For its first five episodes, Bunheads was defined by a sadness that blunted a lot of its comedy. The one-liners have been very sharp from the beginning and it’s been a treat to watch the writing find its rhythm; however, for every pithy pop culture reference that came fluttering out of Sutton Foster’s mouth, there was a moment of loneliness, a twinge of grief that kept things a little more somber. Bunheads built itself on the pain that comes from loss, loss of a husband, loss of a son, loss of direction in life, but what happens when the pain finally begins to recede? What will Bunheads look like once the tears have been dried and a little bit of distance comes between Paradise and death?
“Movie Truck” shipped Fanny off to a vacation in White Robe, USA and turned the comedy up in the most entertaining episode of Bunheads yet. Though I admire the show tackling topics like unexpected death and the ability to move on while keeping a smile on your face, it’s nice to leave behind the baggage and wallow in its distinctive dialogue. It didn’t hurt things that this was the best episode yet of Bunheads regarding structure and tonal issues, offering only one brief emotional moment and finally figuring out how to implement the bunheads without their storyline seeming tangential. The parallel storylines of night outs with each group of girls made “Movie Truck” simple (but extremely effective) in terms of bringing Michelle and the girls together for a passing moment and pulling them apart in divergent endings. In some previous episodes, it felt like they existed in separate shows, but uniting them in a common theme (this case, trying to forget about the past through time with your friends) and simply letting them interact made the episode feel very sound and highlighted how good the cast can be.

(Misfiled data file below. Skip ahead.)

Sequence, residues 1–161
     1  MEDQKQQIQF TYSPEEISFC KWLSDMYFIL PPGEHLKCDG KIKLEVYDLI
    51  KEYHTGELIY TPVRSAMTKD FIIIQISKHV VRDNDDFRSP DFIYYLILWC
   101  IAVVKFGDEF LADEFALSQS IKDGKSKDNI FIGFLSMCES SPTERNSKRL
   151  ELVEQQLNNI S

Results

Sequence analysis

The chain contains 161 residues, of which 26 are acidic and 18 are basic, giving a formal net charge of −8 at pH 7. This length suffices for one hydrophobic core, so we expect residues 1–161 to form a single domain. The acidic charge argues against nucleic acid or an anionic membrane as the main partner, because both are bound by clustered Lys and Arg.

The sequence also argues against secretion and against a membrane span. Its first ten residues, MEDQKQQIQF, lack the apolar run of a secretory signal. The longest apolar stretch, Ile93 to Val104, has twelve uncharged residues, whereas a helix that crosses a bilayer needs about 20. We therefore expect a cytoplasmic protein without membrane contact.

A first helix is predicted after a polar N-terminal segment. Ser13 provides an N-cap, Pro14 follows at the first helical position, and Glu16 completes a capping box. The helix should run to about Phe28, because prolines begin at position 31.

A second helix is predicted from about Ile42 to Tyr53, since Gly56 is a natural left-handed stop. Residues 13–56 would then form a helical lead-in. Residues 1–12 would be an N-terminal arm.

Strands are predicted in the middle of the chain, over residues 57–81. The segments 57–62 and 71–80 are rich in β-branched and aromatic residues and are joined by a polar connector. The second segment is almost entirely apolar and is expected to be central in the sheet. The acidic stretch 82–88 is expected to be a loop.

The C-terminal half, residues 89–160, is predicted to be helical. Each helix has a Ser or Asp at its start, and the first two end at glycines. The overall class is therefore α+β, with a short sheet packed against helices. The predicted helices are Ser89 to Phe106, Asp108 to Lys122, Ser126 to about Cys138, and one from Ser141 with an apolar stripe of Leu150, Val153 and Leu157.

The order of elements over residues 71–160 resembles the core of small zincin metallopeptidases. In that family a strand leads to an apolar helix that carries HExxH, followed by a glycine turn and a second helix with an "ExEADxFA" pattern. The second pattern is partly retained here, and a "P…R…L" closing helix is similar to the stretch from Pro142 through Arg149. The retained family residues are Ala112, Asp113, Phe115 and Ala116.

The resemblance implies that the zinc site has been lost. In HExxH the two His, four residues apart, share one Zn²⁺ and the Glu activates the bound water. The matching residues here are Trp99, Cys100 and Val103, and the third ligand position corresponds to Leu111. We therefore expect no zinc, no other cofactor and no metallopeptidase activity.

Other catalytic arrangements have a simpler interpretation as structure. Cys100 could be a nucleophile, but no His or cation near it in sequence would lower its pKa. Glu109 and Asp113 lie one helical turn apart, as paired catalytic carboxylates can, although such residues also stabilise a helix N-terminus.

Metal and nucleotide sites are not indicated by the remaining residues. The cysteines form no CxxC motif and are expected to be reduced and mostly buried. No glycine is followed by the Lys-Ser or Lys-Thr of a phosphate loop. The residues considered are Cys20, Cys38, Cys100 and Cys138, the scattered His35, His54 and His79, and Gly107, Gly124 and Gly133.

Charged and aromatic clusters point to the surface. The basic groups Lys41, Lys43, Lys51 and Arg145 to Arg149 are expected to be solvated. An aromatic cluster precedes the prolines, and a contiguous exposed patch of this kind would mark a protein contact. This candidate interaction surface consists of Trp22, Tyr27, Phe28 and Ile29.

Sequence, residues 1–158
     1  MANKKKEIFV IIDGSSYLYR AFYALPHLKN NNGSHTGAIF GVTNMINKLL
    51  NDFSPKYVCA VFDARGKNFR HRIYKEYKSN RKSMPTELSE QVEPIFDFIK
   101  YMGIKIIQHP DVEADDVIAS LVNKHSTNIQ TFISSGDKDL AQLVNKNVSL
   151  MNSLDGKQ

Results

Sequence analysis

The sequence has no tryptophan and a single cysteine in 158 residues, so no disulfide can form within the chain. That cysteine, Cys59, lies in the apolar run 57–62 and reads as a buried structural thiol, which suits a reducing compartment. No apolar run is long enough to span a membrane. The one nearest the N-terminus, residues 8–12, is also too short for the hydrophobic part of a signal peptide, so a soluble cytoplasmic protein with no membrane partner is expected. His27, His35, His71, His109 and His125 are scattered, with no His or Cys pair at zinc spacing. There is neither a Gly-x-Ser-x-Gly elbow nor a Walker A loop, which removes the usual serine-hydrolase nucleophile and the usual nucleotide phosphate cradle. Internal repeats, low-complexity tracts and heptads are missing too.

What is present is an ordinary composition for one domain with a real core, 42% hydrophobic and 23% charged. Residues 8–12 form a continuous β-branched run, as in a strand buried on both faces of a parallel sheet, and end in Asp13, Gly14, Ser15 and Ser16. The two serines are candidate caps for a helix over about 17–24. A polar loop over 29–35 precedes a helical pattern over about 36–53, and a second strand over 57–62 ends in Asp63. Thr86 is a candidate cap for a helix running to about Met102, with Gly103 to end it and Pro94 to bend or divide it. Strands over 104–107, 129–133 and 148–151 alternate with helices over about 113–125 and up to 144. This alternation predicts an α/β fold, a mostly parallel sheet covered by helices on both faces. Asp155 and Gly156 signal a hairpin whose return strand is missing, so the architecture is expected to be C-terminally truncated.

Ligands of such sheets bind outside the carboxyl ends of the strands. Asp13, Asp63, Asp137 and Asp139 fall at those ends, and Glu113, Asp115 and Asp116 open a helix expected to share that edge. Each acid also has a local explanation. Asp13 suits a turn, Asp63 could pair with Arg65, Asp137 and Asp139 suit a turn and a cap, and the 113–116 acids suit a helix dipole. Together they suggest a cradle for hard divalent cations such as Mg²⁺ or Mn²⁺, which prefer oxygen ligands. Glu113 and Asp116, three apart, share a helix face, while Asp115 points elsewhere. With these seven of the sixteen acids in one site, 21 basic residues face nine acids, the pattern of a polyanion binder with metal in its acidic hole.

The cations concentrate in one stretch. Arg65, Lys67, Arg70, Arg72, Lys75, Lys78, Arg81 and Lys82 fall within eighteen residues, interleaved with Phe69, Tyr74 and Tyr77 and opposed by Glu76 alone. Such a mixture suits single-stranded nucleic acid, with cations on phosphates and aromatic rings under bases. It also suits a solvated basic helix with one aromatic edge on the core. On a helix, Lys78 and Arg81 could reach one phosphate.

The concerning thing about the episode is that it took taking Fanny out of the picture in order for the fun to return to a show that is slathered in verbal dexterity and cheekiness. I do think that her character serves a purpose and makes for a formidable adversary to Michelle, but she’s been turned into such a condescending, nasty person that her screen time doesn’t often add to the episode. Kelly Bishop is uniformly excellent and absolutely nails the character’s inner pain manifesting itself as outward snark, but I have to admit, I didn’t miss Fanny whatsoever in “Movie Truck” and part of me wondered what a Bunheads where Fanny died instead of Hubbell would be like. Michelle would be married and likely have gotten back into dance earlier in the season, which would have closed the gaps between herself and the bunheads and given her a sense of purpose that she’s lacking right now. There’d be the element of grief in the show through the lack of Fanny and it’d impact Michelle through Hubbell while never overtaking the show.
But Fanny is arguably the second most important character in the show and her absence should be noticeable in a bad way. We should miss her, if not because we like her but she brings excitement, not be thinking about the show that could be if she didn’t exist. In its final few episodes of the season, Bunheads needs to sand down her rough edges without taking much of the sass away, or it’ll be doing itself a major disservice.